On the Road by Jack Kerouac

On the Road by Jack Kerouac

Maternity leave has given me more time to read, so I’ve picked up a couple of Big Read books. Neither of them are #90 On the Road by Jack Kerouac, but I realised I never posted the review I wrote of that book. Here it is, almost exactly a year late.

On the Road on the rails
I’ve just finished On the Road, which I’ve read, appropriately enough, while riding the rails on a long train journey from Nha Trang to Ho Chi Minh City. On the Road is the tale of a wandering life as the main character, Sal, travels fairly aimlessly around the USA, in the company of other drifters. It’s fairly well understood that the book is broadly autobiographical fiction.

In our epic trip across and around the USA this summer we visited quite a lot of the places Sal goes to, including San Francisco, LA, San Antonio and a couple other places I don’t this moment recall.

Booze and bad parenting
The book does not do it for me. It’s written on a high, in a lovely drugged-out haze, and as you go through you can see all the damage that these mad bad men are doing as they go. There’s a scene where Sal and Dean punch a door together, and Sal breaks a bone in his hand. He’s so drunk he doesn’t notice until the morning. That’s what the book is. Throughout the book, people get married, have kids, cart these kids around to squats and tents, don’t feed them much and take a lot of drugs in front of them. The stated assumption is that the kids don’t mind. What Kerouac can’t seem to see is that his generation, mourning their own lost fathers, are the missing and deadbeat dads of tomorrow. Of today, in fact, as even as they look for their own lost paternal role models they are squandering the chance to provide what they’ve lost for their own kids.

The book is very much a man’s story and women only play a peripheral role in it. Each of the main characters gets entangled with various women over the course of the book. It’s written as entanglement, women making demands and needing to be managed, but it’s easy to read as a con. It’s as though they’re mountain climbers. The man is leading, and if he cuts the rope that binds the group, he can walk on more easily. The woman is more firmly tethered to the children, and is well aware that if he goes the rest of the party is likely to go over the cliff. Kerouac’s characters cut the rope without, it seems, realizing they’re doing any such thing at all.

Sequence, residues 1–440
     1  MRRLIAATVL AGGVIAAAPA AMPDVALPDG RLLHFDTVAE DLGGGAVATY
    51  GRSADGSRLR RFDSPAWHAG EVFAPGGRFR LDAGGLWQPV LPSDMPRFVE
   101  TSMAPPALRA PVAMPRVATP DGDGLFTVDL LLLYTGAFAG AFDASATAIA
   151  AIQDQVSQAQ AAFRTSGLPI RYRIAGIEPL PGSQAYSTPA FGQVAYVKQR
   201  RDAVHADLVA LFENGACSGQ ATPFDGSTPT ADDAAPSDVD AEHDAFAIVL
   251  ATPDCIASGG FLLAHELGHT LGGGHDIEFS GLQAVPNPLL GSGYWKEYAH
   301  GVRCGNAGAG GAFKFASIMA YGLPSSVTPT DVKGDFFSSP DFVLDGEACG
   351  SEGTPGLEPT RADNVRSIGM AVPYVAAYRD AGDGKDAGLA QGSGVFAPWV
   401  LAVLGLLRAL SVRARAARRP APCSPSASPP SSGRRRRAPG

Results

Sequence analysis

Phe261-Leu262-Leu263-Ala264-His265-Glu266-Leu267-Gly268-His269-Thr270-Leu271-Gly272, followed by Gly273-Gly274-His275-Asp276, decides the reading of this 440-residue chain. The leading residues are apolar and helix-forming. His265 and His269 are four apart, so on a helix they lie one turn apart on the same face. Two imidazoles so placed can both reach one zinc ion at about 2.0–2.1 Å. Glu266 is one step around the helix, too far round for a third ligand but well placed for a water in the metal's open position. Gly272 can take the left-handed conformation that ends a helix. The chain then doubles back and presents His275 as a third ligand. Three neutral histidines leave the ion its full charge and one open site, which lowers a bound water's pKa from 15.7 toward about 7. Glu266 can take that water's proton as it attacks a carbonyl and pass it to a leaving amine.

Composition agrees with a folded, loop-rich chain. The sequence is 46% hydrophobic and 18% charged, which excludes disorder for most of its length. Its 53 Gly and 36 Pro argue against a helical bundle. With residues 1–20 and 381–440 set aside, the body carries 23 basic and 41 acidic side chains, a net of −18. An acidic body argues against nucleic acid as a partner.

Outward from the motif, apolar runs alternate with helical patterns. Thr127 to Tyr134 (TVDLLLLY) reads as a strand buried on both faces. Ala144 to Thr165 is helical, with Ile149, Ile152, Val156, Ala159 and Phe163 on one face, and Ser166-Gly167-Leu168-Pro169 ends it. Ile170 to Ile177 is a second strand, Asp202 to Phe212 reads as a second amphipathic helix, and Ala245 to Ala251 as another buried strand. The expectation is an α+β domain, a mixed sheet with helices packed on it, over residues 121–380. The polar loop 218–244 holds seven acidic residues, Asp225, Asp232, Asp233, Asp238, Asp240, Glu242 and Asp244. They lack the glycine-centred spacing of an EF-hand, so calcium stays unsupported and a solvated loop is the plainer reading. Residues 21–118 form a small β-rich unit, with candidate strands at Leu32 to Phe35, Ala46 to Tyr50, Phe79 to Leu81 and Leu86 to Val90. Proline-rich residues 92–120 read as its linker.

The wit of wine
Sal (and Kerouac) find a romantic charm in the ravings of drunks and potheads. I really cannot be bothered. I feel like I’ve met these men, and I don’t respect them. They look very different when you’re one of their targets (or not a target, being excluded due to age or lack of beauty or…) than when you’re one of their buddies. As a buddy, they’re mad fun. They keep you out late. You drink too much, then go to work in the morning hungover and happy.

On the other side of the fence, you can see the lies. You can see how they’ll say anything, do anything to get a girl they fancy into bed – do anything, almost, apart from give her respect. Respect, as Aretha Franklin pointed out, is important.

And that’s without getting started on his comments about 9, 11, 13 and 15 year old girls, which need their own content warning, frankly.

Why read it then?
There are two strengths to the book, in my mind. First, it rips apart the staid and sober notion of the 1940s was only a time of war related privations and jitterbugging parties. There are no poodle skirts and duck tail hair cuts. The guys are roving the USA broke, ragged, drunk and stoned; there is a lot of pot in this book.

Second, Kerouac does have an engaging, intense, frantic way of describing the places characters go. It’s like a drunken celebration, where someone is telling you that he’s so, so happy that he got a great job, and he only had a couple of drinks, and did he mention that he’s having a baby soon, too, so it’s perfect timing and the sky is so beautiful tonight and birds always sing louder in summer and…

Don’t travel to the beat of this drum
This is clearly a book that launched a thousand trips, and that’s both understandable and a crying shame. It’s the worst book in the world to try to travel to. It describes times and places that only existed – if they existed at all – for a few people for a few moments. And even if you could manage to stomach all the drugs and alcohol, and went a year later (or had a time machine and went the same year) you’d never capture quite the same spirit.

The book skips over the weeks and months of working quietly and making money (although they are there, if you look), creating a picture of an endless party that you just can’t match in real life, although thousands have wrecked Ibiza trying… In a way, this is the Pinterest problem 60 years early: a view of a life that’s so carefully edited reality can only disappoint. There’s also a clear line of descent from here to The Beach, both in a literary sense and in terms of travel choices. A bit of backpacker history while we’re on the go, it’s interesting but distasteful at the same time.

I’ve decided to try to read and review all 200 books on the BBC Big Read list. You can read more about the start of the project or see a list of all the books I’ve read and reviewed.

Leave a Reply

Your email address will not be published. Required fields are marked *

You may use these HTML tags and attributes: <a href="" title=""> <abbr title=""> <acronym title=""> <b> <blockquote cite=""> <cite> <code> <del datetime=""> <em> <i> <q cite=""> <strike> <strong>